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International Sign
Region contact between sign languages, international contact between Deaf people.
Language codes
"ISO 639-3 ils
"Glottolog inte1259[1]

International Sign (IS) is a contact variety of "sign language used in a variety of different contexts, particularly at international meetings such as the "World Federation of the Deaf (WFD) congress, events such as the "Deaflympics, in video clips produced by Deaf people and watched by other Deaf people from around the world, and informally when travelling and socialising. It is a sign-language "pidgin. It is not as conventionalised or complex as natural sign languages, and has a limited lexicon.



While the more commonly used term is International Sign, it is sometimes referred to as Gestuno,[2] or International Sign Pidgin[3] and International Gesture (IG).[4] International Sign is a term used by the "World Federation of the Deaf and other international organisations.


Deaf people in the Western and Middle Eastern world have gathered together using sign language for 2,000 years.[5] When Deaf people from different sign language backgrounds get together, a contact variety of sign language arises from this contact, whether it is in an informal personal context or in a formal international context. Deaf people have therefore used a kind of auxiliary gestural system for international communication at sporting or cultural events since the early 19th century.[6] The need to standardise an international sign system was discussed at the first "World Deaf Congress in 1951, when the WFD was formed. In the following years, a "pidgin developed as the delegates from different language backgrounds communicated with each other, and in 1973, a WFD committee ("the Commission of Unification of Signs") published a standardized vocabulary. They selected "naturally spontaneous and easy signs in common use by deaf people of different countries"[7] to make the language easy to learn. A book published by the commission in the early 1970s, Gestuno: International Sign Language of the Deaf, contains a vocabulary list of about 1500 signs. The name "Gestuno" was chosen, referencing gesture and oneness.

However, when Gestuno was first used, at the "WFD congress in Bulgaria in 1976, it was incomprehensible to deaf participants.[8] Subsequently, it was developed informally by deaf and hearing interpreters, and came to include more grammar — especially linguistic features that are thought to be universal among sign languages, such as role shifting and the use of classifiers. Additionally, the vocabulary was gradually replaced by more "iconic signs and "loan signs from different sign languages.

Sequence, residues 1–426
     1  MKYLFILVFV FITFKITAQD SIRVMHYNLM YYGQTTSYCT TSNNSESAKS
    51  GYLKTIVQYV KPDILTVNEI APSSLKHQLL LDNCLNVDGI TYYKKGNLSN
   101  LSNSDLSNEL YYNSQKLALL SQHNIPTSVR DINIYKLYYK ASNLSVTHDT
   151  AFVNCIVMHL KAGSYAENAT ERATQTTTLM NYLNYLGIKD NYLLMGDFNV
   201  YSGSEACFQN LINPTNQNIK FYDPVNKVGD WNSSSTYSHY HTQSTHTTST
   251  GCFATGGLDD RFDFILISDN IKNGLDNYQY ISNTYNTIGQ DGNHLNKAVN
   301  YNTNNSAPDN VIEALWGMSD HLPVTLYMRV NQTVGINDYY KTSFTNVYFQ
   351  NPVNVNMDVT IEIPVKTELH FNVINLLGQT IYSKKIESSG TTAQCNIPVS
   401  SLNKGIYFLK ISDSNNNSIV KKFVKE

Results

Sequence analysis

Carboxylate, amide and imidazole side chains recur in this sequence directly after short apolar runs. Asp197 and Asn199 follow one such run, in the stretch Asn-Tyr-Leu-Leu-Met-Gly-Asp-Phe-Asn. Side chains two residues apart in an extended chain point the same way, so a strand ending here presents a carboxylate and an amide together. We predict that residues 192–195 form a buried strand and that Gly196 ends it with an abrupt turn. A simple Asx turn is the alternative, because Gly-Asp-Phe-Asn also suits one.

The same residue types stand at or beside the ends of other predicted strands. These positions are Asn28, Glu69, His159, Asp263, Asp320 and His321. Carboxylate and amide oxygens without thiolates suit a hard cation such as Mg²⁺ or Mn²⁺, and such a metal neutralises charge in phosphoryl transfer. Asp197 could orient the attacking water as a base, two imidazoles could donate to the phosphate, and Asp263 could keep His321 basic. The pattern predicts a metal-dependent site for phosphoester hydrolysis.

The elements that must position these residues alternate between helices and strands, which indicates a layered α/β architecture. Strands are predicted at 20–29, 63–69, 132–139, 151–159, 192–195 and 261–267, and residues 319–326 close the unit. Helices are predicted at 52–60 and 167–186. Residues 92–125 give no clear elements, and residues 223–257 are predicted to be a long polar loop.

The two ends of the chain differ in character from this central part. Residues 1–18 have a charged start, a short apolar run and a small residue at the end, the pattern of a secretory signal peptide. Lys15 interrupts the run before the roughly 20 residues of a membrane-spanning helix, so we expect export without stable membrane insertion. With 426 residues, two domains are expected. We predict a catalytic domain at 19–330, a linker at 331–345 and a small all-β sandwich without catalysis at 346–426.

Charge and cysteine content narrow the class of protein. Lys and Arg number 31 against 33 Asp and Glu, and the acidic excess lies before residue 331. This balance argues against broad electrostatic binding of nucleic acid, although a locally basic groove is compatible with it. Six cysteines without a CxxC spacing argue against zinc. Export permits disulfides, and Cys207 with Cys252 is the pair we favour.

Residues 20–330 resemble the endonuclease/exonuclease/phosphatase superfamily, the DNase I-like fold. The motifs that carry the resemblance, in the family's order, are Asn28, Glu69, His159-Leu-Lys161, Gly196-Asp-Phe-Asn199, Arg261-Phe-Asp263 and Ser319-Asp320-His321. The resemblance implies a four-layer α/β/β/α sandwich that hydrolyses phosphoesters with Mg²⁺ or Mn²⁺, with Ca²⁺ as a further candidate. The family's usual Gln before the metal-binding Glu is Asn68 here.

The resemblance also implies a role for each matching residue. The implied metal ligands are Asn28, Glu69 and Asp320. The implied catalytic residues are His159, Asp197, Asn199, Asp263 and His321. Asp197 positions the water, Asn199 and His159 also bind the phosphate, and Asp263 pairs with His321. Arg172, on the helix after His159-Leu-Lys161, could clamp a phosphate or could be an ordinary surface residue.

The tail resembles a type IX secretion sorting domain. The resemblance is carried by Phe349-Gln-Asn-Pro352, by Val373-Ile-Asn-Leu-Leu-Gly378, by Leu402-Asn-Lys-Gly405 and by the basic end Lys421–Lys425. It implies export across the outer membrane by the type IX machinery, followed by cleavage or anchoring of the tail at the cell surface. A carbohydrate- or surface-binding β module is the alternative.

The first training course in Gestuno was conducted in Copenhagen in 1977 to prepare interpreters for the 5th World Conference on Deafness. Sponsored by the Danish Association of the Deaf and the University of Copenhagen, the course was designed by Robert M. Ingram and taught by Betty L. Ingram, two American interpreters.[9]

The name Gestuno has fallen out of use, and the phrase "International Sign" is now more commonly used in English to identify this sign variety. Indeed, current IS has little in common with the signs published under the name 'Gestuno'.

A parallel development has been occurring in Europe in recent years, where increasing interaction between Europe's "deaf communities has led to the emergence of a pan-European pidgin or "creole sign. It is referred to by some sign linguists as "Eurosigns". Influence in Euro-Signs can be seen from "British Sign Language, "French Sign Language and Scandinavian signs.


The lexicon of International Sign is limited, and varies between signers. IS interpreter Bill Moody noted in a 1994 paper that the vocabulary used in conference settings is largely derived from the sign languages of the "Western world and is less comprehensible to those from African or Asian sign language backgrounds.[10] A 1999 study by "Bencie Woll suggested that IS signers often use a large amount of vocabulary from their native language,[11] choosing sign variants that would be more easily understood by a foreigner.[12] In contrast, Rachel Rosenstock notes that the vocabulary exhibited in her study of International Sign was largely made up of highly iconic signs common to many sign languages:

Over 60% of the signs occurred in the same form in more than eight SLs as well as in IS. This suggests that the majority of IS signs are not signs borrowed from a specific SL, as other studies found, but rather are common to many natural SLs. Only 2% of IS signs were found to be unique to IS. The remaining 38% were borrowed (or "loan") signs that could be traced back to one SL or a group of related SLs.[13]